LG says white OLED puts it a decade ahead of competitors

LG believes it will be "impossible" for other RGB OLED manufacturers to successfully compete with its white OLED technology.

Seamus Byrne Editor, Australia & Asia
Seamus Byrne is CNET's Editor for Australia and Asia. At other times he'll be found messing with apps, watching TV, building LEGO, and rolling dice. Preferably all at the same time.
Seamus Byrne
2 min read

LG's flexible 4K OLED TV at IFA 2014. Seamus Byrne/CNET

LG's investment in white OLED might be ready to pay off as the company achieves high production quantities for its 4K OLED TVs while competitors using RGB OLED still struggle to achieve viable yield levels to go mainstream with the screen technology.

Speaking with Ken Hong, LG's Global Communications Director, at IFA 2014, CNET learned of LG's decision to capitalise on Kodak's white OLED technology, which could put the company ahead of its rivals into the next decade.

"The fact that nobody is even chasing us on that is an amazing benefit," says Hong. "An advantage that we'll probably feel for ten years. No one will catch us for 2-3 years, that's a pretty big lead."

"When we bought the rights to white OLED from Kodak nobody else thought that was going to be a successful business," says Hong. "We were the only ones who said 'Hey, let's put some money down on that.' Nobody fought us for that. It's an interesting history. Kodak developed this white OLED and now that allows us to get this 80 percent plus yield."

Kodak had been the leading developer of OLED technology for decades and in 2004 announced its white OLED breakthrough. LG purchased the OLED business from Kodak for $100 million in December 2009. While projections at the time didn't see much potential, 2013 estimates suggest a 55-inch panel costs half as much to produce using white OLED compared to RGB OLED.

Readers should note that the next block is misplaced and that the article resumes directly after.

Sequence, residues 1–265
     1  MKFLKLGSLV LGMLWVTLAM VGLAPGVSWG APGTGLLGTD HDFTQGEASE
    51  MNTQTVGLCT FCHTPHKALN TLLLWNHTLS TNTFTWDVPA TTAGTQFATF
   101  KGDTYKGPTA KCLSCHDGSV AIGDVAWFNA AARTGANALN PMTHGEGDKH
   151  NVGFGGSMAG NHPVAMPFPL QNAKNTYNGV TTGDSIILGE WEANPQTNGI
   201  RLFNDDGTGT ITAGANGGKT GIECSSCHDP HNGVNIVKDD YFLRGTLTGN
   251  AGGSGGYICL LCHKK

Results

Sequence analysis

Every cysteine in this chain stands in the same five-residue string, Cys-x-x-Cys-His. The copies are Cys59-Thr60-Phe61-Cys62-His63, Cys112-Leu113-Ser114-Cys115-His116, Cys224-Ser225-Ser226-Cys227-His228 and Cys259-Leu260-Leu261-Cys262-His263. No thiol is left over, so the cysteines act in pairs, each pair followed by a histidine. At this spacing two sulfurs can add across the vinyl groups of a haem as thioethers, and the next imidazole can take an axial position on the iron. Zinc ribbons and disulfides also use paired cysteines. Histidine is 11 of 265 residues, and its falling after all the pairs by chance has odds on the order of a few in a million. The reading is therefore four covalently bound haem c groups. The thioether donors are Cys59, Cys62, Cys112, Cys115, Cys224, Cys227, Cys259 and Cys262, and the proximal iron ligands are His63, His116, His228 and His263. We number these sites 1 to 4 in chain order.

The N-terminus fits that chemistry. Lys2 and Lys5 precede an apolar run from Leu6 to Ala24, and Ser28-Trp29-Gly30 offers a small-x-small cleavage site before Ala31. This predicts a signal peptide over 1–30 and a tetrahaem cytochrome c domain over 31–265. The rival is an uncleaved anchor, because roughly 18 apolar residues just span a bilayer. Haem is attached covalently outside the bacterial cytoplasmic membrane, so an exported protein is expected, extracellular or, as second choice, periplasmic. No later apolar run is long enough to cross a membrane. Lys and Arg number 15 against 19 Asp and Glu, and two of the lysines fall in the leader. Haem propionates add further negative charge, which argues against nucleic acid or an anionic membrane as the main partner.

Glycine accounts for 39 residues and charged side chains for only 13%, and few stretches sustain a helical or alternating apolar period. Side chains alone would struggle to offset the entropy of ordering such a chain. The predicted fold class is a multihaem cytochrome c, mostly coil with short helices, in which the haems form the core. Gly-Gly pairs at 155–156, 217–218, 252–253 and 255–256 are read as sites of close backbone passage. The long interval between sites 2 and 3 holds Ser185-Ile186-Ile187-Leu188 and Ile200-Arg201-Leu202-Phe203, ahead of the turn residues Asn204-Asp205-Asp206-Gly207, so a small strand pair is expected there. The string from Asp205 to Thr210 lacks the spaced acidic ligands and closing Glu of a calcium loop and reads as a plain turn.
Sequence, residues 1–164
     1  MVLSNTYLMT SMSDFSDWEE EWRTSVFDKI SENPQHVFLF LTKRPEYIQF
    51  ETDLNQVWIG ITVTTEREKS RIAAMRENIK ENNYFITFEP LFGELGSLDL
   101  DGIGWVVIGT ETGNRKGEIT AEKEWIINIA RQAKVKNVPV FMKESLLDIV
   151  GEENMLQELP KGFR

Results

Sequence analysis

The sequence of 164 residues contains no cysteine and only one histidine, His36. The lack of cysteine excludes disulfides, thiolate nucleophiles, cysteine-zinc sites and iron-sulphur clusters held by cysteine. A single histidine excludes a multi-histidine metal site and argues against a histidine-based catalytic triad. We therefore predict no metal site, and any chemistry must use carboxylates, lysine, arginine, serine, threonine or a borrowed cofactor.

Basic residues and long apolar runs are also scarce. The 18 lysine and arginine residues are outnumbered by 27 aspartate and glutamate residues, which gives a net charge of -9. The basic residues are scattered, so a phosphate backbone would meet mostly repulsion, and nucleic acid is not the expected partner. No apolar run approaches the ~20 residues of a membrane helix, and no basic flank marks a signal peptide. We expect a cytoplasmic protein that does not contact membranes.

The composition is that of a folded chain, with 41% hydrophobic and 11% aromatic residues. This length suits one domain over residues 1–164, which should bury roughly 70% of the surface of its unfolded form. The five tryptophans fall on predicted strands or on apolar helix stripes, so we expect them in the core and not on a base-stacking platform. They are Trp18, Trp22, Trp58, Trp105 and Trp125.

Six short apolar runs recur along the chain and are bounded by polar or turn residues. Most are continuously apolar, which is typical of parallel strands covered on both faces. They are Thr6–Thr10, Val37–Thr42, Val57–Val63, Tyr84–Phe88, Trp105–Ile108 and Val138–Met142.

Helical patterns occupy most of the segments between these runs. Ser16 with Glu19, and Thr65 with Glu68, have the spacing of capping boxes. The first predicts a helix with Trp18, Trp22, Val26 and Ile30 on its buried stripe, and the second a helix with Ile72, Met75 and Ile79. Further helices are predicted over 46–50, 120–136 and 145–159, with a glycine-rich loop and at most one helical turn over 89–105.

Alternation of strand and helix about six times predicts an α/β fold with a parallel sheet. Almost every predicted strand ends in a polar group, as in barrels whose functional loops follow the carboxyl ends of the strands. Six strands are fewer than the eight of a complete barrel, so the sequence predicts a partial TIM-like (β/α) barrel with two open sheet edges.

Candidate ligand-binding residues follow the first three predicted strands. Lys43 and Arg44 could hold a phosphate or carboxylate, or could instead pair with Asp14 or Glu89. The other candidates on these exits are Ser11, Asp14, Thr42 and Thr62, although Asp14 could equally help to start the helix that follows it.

See CNET's ' What is OLED TV?' primer for more technical details.

"The reason other companies have said they're going to put OLED on hold, it's because their yields are pitiful," says Hong. "Now they're all saying 'No, consumers aren't ready.' No, I don't think consumers are not ready, I think they're not ready. They don't know how to do it, they missed the boat and now the ones who are stuck with regular RGB OLED are never going to get 80 percent."

"I think lining up OLED crystals using RGB technology is just an impossibility to make money on. It can be done. AMOLED is RGB technology, but it's small. When you get to that large TV size there's a lot of errors."

LG's new 4K OLED TVs have so far launched in Korea and will soon become more widely available. According to Hong, the hard part for LG right now is selling the benefits to buyers.

"They know what 4K is, they know what OLED is, why do I want both? Why something that expensive? I think that's going to be the initial response," says Hong. "We have to educate people because we are the only ones with this product. No one else is going to be helping us. We're the ones responsible for promoting 4K OLED. It's going to be a tough, tough sell unless we can do that marketing."